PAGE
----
Conditions in civilian prisons, which are under the supervision of the Ministry of Justice, remained harsh and life threatening. Abuse, poor sanitation, malnutrition, disease, and lack of medical attention were pervasive throughout the prison system, and worse in gendarme and police detention facilities.
Physical Conditions: Overcrowding remained a problem in all prisons, as authorities incarcerated an estimated 3,500 throughout the country. An EU-financed survey revealed that prison management and operations remained deficient. Government-funded rehabilitation programs were nonexistent, and NGOs performed the work. As of August Conakry Central Prison (CCP)--with a designed capacity of 300 persons--held approximately 1,500 inmates. Prisoners slept shoulder to shoulder on the floor due to overcrowding and lack of beds. Authorities permitted them to leave their cells for only one hour each day. Prison officials converted rehabilitation facilities, such as schools and workshops, into dormitories due to overcrowding.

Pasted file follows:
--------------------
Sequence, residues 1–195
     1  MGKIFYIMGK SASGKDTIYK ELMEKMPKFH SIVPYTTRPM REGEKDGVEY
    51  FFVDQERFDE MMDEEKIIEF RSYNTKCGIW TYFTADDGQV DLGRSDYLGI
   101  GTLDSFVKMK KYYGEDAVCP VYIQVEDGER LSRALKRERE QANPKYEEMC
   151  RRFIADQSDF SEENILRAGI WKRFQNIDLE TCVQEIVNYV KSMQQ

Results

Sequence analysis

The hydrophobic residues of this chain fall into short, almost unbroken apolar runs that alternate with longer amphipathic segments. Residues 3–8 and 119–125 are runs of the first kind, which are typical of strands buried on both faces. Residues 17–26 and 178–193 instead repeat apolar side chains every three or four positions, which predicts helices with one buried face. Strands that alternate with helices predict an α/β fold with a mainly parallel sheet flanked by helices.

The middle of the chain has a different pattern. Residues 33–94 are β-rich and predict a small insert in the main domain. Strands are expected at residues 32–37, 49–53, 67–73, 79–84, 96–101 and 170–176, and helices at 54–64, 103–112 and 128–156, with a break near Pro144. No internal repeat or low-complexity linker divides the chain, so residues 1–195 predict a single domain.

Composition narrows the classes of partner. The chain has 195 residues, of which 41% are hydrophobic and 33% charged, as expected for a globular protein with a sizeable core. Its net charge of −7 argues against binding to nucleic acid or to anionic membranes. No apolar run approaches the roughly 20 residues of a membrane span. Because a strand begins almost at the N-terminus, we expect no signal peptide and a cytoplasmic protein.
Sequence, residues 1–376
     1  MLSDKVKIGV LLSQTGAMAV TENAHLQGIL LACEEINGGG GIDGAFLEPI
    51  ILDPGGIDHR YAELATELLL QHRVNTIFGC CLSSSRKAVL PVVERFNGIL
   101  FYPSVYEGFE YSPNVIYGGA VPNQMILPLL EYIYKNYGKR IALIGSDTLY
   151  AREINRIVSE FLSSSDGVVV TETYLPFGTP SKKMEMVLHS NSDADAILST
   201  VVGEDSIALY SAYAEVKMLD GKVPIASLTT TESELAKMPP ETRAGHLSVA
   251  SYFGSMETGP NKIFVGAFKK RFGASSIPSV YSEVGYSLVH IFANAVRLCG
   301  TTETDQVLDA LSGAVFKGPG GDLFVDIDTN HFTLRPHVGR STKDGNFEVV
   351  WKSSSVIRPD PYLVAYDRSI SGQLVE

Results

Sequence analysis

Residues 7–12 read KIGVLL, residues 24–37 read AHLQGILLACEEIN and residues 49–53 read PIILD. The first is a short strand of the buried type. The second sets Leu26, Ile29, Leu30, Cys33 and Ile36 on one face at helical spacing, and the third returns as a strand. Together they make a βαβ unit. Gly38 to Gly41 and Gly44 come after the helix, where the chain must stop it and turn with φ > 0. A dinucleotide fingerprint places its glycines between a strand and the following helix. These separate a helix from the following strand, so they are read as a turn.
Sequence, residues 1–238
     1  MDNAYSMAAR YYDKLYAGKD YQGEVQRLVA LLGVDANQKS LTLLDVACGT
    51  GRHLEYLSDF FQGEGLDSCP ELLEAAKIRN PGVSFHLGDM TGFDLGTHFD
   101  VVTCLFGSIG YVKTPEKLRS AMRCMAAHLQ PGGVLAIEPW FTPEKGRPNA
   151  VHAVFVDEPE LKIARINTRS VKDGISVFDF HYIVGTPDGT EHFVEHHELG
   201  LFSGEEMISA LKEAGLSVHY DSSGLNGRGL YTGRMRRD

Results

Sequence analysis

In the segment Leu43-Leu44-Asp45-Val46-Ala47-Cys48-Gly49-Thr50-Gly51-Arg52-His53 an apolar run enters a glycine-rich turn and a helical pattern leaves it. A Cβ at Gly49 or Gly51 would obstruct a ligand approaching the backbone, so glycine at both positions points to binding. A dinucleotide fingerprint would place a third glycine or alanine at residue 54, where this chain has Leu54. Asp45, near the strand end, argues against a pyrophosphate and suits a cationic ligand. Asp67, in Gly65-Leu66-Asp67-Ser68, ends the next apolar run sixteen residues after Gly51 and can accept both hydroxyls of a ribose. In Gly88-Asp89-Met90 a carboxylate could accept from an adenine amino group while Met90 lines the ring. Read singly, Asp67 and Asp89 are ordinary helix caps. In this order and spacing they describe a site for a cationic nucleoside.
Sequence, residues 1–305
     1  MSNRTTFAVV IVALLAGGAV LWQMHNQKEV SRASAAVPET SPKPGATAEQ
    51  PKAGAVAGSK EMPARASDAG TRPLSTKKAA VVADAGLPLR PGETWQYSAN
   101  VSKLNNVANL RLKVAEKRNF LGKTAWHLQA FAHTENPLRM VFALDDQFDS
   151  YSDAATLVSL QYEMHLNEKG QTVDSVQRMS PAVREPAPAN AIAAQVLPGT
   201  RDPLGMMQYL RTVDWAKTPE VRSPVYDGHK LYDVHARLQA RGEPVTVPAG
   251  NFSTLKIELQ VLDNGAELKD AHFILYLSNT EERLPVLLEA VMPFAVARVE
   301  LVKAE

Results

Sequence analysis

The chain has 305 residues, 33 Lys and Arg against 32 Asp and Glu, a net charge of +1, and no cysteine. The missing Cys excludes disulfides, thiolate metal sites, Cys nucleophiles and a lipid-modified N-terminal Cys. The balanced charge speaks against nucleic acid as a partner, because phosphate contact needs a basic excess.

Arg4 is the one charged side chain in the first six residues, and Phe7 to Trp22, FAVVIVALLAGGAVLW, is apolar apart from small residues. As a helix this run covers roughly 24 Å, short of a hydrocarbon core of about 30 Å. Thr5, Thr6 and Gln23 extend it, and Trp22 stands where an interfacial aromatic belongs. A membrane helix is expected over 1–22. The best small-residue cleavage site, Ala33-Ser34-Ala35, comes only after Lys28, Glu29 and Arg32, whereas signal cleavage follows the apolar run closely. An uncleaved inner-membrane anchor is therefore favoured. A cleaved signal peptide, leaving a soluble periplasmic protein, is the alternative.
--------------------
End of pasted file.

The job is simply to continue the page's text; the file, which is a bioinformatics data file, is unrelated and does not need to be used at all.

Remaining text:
Authorities held minors in a separate section of the prison, where they slept on iron bunk beds with no mattresses or on the floor because it was too hot on the upper bunks below the building’s metal roof. Prison officials did not separate pretrial detainees from convicted prisoners, and the prison system often was unable to track pretrial detainees after arrest.
In the two main prisons outside of Conakry and in gendarmerie detention centers, men and women were intermingled. There was no juvenile detention system, and officials generally held juveniles with adults in prisons outside the capital. Men, women, and children were intermingled at gendarmerie detention centers, sometimes with women sleeping in hallways outside the prison cells. Violence and the need to bribe guards for miscellaneous services continued to be problems.